Ninety-one percent of Americans feel like they have lost control over how their personal information is collected and used by companies, according to a <a href="http://www.pewresearch.org/fact-tank/2016/01/20/the-state-of-privacy-in-america/">recent Pew Research Center survey</a>. One of the United States most important values is that we have a right to privacy, and in the Digital Age this right is being eroded. Our forefathers understood the need to protect the privacy of citizens and enshrined these beliefs in the Bill of Rights to address their absence in the U.S. Constitution. The 1<sup>st</sup>, 3<sup>rd</sup>, 4<sup>th</sup>, 5<sup>th</sup> and 14<sup>th</sup> amendments all contain language that implies the privacy of U.S. citizens is protected. We define what privacy means by the rules and protections we create. The improvements in data collection and storage by companies such as Google and Facebook, combined with the emergence of Big Data analytics, have created new ways to circumvent old rules that were designed to protect what we value as private.
The amount of digital information being produced by citizens is increasing exponentially year after year. This information, our data, is being collected and stored by 3<sup>rd</sup> party data companies like Axciom who then apply Big Data analytics in order to reveal our digital identities. The companies collect data from our actions on the web, from the digital technologies we cannot live without, from information we routinely give away, and from our spending habits. We have allowed Big Data companies access to all of this information because we appear to get something in return (search engine services, e-mail, social media, coupons, etc.). We are not being compensated for the true value of our data, which companies have no problem using to learn intimate details about our lives: the type of information we are only comfortable sharing with those closest to us, our private information.
Today is <a href="https://en.wikipedia.org/wiki/Data_Privacy_Day">Data Privacy Day</a> and I cannot think of a better time to draw attention to this issue so we can start a serious discussion about upgrading our privacy laws and rules. <a href="http://www.pewresearch.org/fact-tank/2016/01/20/the-state-of-privacy-in-america/">Sixty-eight percent of Americans apparently feel this way too</a> and would support action to create stronger policies that will protect people’s privacy in the digital age. What more evidence do we need to realize it is time to create new policies that govern the flow of data in accordance with the values of society?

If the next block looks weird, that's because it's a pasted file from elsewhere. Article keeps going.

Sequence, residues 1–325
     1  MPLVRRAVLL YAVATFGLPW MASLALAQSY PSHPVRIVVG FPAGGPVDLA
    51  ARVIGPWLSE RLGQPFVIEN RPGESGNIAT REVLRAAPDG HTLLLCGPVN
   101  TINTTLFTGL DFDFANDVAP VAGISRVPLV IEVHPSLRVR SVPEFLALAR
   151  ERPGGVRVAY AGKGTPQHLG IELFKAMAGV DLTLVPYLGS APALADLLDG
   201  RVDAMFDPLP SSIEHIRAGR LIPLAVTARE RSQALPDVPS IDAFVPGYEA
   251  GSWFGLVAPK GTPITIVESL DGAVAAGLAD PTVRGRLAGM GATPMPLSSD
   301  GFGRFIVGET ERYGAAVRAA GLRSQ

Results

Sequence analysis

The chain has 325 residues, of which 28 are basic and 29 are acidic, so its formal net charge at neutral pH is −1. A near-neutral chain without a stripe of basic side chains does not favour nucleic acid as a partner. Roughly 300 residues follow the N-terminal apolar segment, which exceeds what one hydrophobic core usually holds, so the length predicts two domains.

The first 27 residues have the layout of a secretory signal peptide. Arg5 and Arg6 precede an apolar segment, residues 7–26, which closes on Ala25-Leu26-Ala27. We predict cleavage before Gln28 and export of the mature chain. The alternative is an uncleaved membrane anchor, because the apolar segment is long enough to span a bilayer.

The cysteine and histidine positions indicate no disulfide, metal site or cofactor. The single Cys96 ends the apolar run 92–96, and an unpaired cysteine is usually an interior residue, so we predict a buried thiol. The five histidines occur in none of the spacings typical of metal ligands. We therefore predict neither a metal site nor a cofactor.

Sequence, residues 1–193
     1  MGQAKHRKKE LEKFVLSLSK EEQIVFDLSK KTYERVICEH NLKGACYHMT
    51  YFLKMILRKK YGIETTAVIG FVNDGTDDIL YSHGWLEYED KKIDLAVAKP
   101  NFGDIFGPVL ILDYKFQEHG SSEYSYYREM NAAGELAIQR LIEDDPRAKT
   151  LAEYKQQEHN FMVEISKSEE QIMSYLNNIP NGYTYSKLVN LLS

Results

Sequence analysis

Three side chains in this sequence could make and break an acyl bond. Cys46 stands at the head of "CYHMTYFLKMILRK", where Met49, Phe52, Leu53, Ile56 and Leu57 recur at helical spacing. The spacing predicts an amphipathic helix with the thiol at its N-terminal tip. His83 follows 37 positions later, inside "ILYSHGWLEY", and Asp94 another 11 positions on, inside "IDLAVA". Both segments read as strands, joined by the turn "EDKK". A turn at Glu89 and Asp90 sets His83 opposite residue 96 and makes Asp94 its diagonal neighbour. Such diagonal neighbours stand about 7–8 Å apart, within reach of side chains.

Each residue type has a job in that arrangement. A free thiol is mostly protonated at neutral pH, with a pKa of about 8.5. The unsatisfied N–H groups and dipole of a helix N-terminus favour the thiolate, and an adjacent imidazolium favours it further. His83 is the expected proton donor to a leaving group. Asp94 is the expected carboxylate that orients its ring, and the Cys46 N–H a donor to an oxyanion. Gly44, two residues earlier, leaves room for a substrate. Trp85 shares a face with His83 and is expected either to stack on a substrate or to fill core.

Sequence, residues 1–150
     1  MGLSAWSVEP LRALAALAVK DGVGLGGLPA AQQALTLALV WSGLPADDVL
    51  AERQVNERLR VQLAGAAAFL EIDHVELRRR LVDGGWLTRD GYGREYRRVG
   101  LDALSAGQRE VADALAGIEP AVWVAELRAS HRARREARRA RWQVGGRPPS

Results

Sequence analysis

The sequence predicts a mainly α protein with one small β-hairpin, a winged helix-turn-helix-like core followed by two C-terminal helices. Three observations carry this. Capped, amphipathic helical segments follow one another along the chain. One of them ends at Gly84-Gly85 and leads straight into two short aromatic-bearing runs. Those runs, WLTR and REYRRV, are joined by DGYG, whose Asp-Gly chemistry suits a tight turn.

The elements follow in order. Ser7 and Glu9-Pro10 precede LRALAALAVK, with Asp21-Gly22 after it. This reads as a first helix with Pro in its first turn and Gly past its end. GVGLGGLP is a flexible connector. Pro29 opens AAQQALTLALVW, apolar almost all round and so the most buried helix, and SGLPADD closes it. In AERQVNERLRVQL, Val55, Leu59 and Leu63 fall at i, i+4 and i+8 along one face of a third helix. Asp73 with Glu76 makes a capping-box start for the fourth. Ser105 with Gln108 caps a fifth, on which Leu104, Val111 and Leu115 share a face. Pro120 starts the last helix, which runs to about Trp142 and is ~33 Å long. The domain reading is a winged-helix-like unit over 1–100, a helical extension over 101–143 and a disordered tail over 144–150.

Let’s get with the times and upgrade our privacy laws and regulations.
The Internet has become a platform of societal intercourse: an information repository, communication tool, commercial-space, and a location for self-brand promotion. Yet unlike in the past, information on societal intercourse is no longer ephemeral, the digital ones and zeros produced from these interactions are permanent, creating a digital fingerprint of each individual user in cyberspace. On their own, personalized bits of data are not particularly useful, and only appear to provide relatively esoteric indicators of a particular individual. Big data analytics, however, correlates flows of data and provides insights derived from behavior science. This information generated about individuals allows corporations and government entities to predict and model human behavior.
Personal big data can be a societal boon, helping to facilitate healthier living, smarter cities, and increasing web simplification through personalization. However there is a darker underbelly to the accumulation of this information. Personal data (clicks, keystrokes, purchases, etc.) are being used to create hundreds of inaccessible consumer scores, ranking individuals on the basis of their perceived health risk, lists of occupational merit, and potential propensity to commit fraud. Moreover, as recent leaks of celebrity photos illustrate, Internet privacy is no longer a guarantee. Information that is meant to remain in the private sphere is slowly leaking into the public sphere, challenging previously conceived notions of civil liberty. In order to curb the tide of cyber intrusions, the individual right to erase data must be enacted.
The European Court of Justice ruled in 2014 that citizens had the “right to be forgotten” — they ruled in favor of citizen right’s to privacy. As today is Data Privacy Day, perhaps it is time for the US to stand up and create their own variant of this law, a uniquely American law that allows American citizens the right to erase data— the right to ensure their privacy.
CReST Proposed Language:
“Any person has the right to erase personal data that they identify as a breach of their privacy. Data erasure may be requested to and arbitrated by the search engine that publishes the data online. If erasure is justified then the search engine must erase any links or copies of that personal data in a timely manner. The search engine is responsible for the removal of authorized 3rd party publication of said data.”